How Pareto’s 80/20 Principle Applies to Investors

You’ve likely heard of Pareto’s 80/20 Principle, coined in 1895 by Economist and Mathematician, Vilfredo Pareto. While the principle initially links to the relationships between the general population and wealth, it was soon discovered that it applies to most every life and business situation.

The Pareto Principle states that “80% of the effects come from 20% of the causes.” This mathematical principal, impressing business leaders and financiers for decades, is one that lives on as a valuable formula. In terms of investing, this summation points to the fact: we may lack balance in our financial inputs versus outputs.

One investment scenario using the 80/20 rule might look like this: 80% of your monetary returns generates by only 20% of your financial portfolio. Or, try this: 80% of the investors are failing on wise investment strategies while 20% are taking intense action. To apply the 80/20 Principle to investing, let’s first understand how the rule came about. When Pareto planted a garden of pea pods, he noticed over several growing seasons that nearly 20% of the seeds were responsible for most (80%) of the successful peas. He went on to apply his theory in other situations, which lead to the success of his 80/20 Principle.

This general mathematical principle was later instrumental in key findings by many industries:

• Pareto observed that 80% of the land in Italy was purchased from only 20% of the total population.

• For many small businesses, 80% of the revenue is derived from 20% of the customers.

• Startups report that 80% of work productivity can be generated with 20% effort.

• Tech companies realized that 80% of system crashes were due to 20% of the common viruses.

• Athletic coaches saw that 80% of athletes’ performances were impacted by 20% of their training.

• In 1989, world GDP indicated that over 80% of world capital was held by 20% of the wealthiest.

• In the area of human health and safety, nearly 80% of mishaps are caused by 20% of the hazards. If we look deeper into how the 80/20 Principle applies to investment, some notable highlights may come as a surprise and support better diversification of a financial portfolio. Smart investors create diversified portfolios with a mix of assets. The 80/20 rules might suggest 80% in safe, low-risk bonds and 20% in high-risk growth stocks.

While this balance may feel right, consider what happens with this mix in an economic decline. Stocks are volatile and risky in a time of crisis. This balance doesn’t support long-term growth, and it is not likely to keep up with inflation. In the case of a disaster, smart investors generally hold on to their stocks but create a hedge to reduce risks. A hedge is simply a more advanced investment strategy that helps reduce risks and offset the chance that your paper assets might lose value. An alternative investment often includes precious metals in the form of gold or silver.

An 80/20 rule-based portfolio that could protect your assets from inflation and market volatility might look like this: 80% in cash, stocks, and bonds and 20% in gold.

Understanding how various markets affects our assets helps us apply the 80/20 Principle. In a recession, while we know stocks decline, did you know that gold usually rises? Bonds are safe in terms of steady returns, and dollar-cost averaging is possible. In a bull market, stocks indicate growth.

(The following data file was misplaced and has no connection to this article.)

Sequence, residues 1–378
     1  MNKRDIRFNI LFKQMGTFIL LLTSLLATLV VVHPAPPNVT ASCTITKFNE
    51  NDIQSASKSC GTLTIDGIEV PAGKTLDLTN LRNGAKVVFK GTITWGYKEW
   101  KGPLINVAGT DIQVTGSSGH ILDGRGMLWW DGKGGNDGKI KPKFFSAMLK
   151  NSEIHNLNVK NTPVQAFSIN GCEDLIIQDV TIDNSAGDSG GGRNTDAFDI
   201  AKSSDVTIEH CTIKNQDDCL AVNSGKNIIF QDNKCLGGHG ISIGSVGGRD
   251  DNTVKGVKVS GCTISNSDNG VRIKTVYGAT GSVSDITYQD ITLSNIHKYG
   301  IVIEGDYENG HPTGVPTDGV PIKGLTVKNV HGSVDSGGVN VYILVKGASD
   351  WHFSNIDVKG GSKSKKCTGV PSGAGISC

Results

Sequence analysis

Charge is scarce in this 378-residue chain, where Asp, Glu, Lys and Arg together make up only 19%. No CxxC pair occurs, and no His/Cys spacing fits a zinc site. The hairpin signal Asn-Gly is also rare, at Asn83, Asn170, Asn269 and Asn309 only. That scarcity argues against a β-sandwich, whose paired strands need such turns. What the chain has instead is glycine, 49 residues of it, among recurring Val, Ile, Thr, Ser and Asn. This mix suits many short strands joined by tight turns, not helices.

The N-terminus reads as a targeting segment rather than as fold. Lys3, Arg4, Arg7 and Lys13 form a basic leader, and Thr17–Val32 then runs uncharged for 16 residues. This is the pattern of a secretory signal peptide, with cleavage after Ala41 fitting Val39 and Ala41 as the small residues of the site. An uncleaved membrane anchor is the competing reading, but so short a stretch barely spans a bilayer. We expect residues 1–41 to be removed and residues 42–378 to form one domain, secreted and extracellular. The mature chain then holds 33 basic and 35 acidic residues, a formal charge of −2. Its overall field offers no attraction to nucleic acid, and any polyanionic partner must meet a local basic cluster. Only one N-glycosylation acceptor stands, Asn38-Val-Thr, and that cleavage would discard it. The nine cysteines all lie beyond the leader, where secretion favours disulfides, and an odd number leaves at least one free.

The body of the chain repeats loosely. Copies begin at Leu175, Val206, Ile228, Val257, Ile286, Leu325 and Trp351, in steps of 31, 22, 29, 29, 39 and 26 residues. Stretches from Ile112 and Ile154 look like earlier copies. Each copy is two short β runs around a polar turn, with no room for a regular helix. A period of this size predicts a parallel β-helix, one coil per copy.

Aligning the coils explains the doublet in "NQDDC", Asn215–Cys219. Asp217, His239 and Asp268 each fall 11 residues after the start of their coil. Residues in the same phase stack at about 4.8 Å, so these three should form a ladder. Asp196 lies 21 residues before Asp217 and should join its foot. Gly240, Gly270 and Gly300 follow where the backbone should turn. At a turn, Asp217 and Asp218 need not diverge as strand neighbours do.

Gold may rise relative to the dollar. Bonds are safe, and dollar-cost averaging is possible. In a period of inflation, your bonds are devalued as well as your cash purchasing power. Stocks can offer continued growth. Gold is vital for preserving purchasing power and growing a financial portfolio. An 80/20 based portfolio that includes gold offers an added benefit toward achieving growth and creating a hedge to withstand most any economic scenario.

While many investors are using some form of the 80/20 rule to apply to their investments, whether they know it or not, unfortunately, this split is too narrow. Most investors have 80% in one investment and 20% in another (or some similar combination). There is a diversification and hedging error in this formula if you expect to achieve asset protection against growth and inflation. In fact, according to an Investopedia article, “The greatest returns seem to be when most people expect the biggest losses.” In 2009, when the economy was struggling, less than 20% of national investors were engaging in hedging to protect their assets. They also share a statistic that “between 1992 and 2006, 80% of active traders lost money, and only 1% of them were profitable.”

There is a small but growing percentage of investors that confirm physical assets in the form of precious metals are a worthy alternative for sustaining growth and protecting capital to withstand almost any market condition. Hedging practices are a natural action to support their financial portfolios during full market cycles.

These smart investors may make up only 5-10% of the total, but they use a strategy in which a portion of their assets is safeguarded outside of banking institutions. Rather than speculate with assets, they make safe and skillful growth investments for the long term. These investors also tend to be leaders unaffected by the media and they recognize that counterfeit fiat currency is not the path to real wealth.

Turning 20% of your financial portfolio into precious metals is a strategic hedge against whatever direction an unpredictable market and economy decide to go. Making the 80/20 Principle a practical guide for your financial future could require some adjustments to your portfolio, but it may serve as a useful exercise to prepare yourself in uncertain times.

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